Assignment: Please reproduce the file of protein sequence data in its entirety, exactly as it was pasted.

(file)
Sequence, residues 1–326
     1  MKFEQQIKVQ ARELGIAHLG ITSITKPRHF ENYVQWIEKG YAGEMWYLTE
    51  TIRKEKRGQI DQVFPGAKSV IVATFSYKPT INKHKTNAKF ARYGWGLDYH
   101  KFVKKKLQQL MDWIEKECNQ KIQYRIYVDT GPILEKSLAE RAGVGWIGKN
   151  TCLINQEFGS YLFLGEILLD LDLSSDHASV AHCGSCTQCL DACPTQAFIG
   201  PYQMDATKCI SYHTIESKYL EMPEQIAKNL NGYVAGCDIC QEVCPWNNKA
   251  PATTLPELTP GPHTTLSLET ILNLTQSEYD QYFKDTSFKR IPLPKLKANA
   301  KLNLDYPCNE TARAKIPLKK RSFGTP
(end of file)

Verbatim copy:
Sequence, residues 1–326
     1  MKFEQQIKVQ ARELGIAHLG ITSITKPRHF ENYVQWIEKG YAGEMWYLTE
    51  TIRKEKRGQI DQVFPGAKSV IVATFSYKPT INKHKTNAKF ARYGWGLDYH
   101  KFVKKKLQQL MDWIEKECNQ KIQYRIYVDT GPILEKSLAE RAGVGWIGKN
   151  TCLINQEFGS YLFLGEILLD LDLSSDHASV AHCGSCTQCL DACPTQAFIG
   201  PYQMDATKCI SYHTIESKYL EMPEQIAKNL NGYVAGCDIC QEVCPWNNKA
   251  PATTLPELTP GPHTTLSLET ILNLTQSEYD QYFKDTSFKR IPLPKLKANA
   301  KLNLDYPCNE TARAKIPLKK RSFGTP